Anyone can undertake scientific investigations, and most important scientific theories and discoveries are freely available in scientific journals for anyone to study. However, to publish a paper in a reputable scientific journal, scientists are expected to follow rigorous methods and be subject to peer review. Results of experiments should be reproducible by others. Many scientific frauds or misinterpretations were finally exposed when others failed to duplicate the claimed results. Journals use other reputable scientists, who may be working on competing hypotheses, to study and comment on the validity of draft papers and articles before they are published.  In this peer review process, papers are often reviewed by two or three scientists working in different institutions.  These checks are not perfect but are thought to weed out most poor-quality work and eliminate errors.
These days, scientists frequently use computer modelling which allows them to make more precise predictions based on measurements and theories. Things that are modelled range from the behaviour of individual atoms up to modelling the Earth’s climate. Scientists make efforts to check the results of models by, for example, trying to duplicate the results with an independently constructed model. Of course computer modelling is also used and trusted in many other applications – for example in modern engineering design and aircraft flight systems.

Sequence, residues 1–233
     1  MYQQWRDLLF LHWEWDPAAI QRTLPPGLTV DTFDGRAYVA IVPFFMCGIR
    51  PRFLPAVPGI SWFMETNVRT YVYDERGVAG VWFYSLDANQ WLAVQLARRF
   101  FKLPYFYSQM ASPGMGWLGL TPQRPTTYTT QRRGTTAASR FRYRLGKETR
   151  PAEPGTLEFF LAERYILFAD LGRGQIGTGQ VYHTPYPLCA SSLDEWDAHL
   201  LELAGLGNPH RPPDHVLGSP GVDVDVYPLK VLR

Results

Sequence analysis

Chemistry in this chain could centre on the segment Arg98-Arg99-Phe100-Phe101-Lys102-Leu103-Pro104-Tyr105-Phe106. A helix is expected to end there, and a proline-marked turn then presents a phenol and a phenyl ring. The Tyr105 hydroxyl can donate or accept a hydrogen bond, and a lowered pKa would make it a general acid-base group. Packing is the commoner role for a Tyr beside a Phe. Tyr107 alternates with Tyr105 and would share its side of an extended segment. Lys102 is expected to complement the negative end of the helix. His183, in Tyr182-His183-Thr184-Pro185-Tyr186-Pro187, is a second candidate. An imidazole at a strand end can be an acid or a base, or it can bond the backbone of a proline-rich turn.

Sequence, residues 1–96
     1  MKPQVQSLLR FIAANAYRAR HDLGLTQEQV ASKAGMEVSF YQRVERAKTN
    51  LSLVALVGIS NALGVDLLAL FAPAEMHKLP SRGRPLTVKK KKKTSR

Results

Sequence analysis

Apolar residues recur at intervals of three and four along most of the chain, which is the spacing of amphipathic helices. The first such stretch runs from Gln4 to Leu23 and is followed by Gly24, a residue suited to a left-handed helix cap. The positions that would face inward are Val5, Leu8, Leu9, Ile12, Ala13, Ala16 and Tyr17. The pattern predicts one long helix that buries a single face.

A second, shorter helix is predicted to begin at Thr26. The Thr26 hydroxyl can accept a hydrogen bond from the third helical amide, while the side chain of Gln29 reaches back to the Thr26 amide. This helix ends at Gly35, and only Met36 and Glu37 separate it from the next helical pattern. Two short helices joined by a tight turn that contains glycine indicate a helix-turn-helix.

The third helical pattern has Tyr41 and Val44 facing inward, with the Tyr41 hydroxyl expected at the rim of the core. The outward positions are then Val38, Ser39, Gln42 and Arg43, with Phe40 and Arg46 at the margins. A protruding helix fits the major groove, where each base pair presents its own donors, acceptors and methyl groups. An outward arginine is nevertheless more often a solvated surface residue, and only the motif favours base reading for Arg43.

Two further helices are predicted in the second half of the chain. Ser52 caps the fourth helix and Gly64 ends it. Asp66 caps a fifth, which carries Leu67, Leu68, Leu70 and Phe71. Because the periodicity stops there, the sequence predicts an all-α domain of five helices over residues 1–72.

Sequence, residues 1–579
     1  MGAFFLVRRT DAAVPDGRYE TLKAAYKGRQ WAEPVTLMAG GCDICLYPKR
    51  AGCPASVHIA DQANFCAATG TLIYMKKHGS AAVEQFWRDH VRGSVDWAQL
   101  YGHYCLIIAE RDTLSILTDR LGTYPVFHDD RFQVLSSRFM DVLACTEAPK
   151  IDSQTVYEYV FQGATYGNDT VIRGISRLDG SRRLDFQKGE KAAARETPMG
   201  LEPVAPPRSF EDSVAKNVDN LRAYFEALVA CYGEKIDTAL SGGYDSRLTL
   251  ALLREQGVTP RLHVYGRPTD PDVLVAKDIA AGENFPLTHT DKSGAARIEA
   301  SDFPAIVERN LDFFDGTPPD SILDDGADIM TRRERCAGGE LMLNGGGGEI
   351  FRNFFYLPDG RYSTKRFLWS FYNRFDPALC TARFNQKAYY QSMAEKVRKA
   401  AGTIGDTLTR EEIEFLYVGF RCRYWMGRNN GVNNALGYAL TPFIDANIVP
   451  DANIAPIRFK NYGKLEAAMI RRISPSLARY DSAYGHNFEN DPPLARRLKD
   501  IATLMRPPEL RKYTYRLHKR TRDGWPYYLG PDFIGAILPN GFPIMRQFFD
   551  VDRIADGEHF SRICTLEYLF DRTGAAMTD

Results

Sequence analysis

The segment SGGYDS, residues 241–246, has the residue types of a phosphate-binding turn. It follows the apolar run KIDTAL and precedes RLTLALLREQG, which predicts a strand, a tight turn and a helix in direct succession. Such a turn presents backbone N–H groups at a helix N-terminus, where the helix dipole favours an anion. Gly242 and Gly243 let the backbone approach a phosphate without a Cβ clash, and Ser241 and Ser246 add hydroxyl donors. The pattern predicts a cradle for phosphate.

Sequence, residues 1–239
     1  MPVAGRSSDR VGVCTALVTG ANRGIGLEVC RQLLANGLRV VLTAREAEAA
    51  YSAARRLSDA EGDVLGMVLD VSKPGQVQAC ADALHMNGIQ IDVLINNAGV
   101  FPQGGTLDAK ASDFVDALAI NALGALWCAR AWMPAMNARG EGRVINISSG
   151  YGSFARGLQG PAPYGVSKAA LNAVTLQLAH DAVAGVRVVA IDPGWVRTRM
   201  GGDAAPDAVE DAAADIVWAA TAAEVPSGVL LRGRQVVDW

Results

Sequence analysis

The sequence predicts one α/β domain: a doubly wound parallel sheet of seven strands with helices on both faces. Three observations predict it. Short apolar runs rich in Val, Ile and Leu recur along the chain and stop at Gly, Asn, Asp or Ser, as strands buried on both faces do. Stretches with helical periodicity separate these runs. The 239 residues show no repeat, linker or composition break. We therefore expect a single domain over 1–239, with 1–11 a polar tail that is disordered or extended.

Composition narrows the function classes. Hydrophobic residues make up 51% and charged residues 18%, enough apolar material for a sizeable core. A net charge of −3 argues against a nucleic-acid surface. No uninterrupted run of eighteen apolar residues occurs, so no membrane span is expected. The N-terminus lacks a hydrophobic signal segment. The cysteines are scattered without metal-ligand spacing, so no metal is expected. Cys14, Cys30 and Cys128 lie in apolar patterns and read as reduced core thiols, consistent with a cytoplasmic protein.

Can we be sure that the scientists are right even though thousands of scientists accept man-made global warming?

Scientists work in an open and consensual way that allows for conflicting views. This makes it even more remarkable that today there is very strong agreement among them that global warming is real.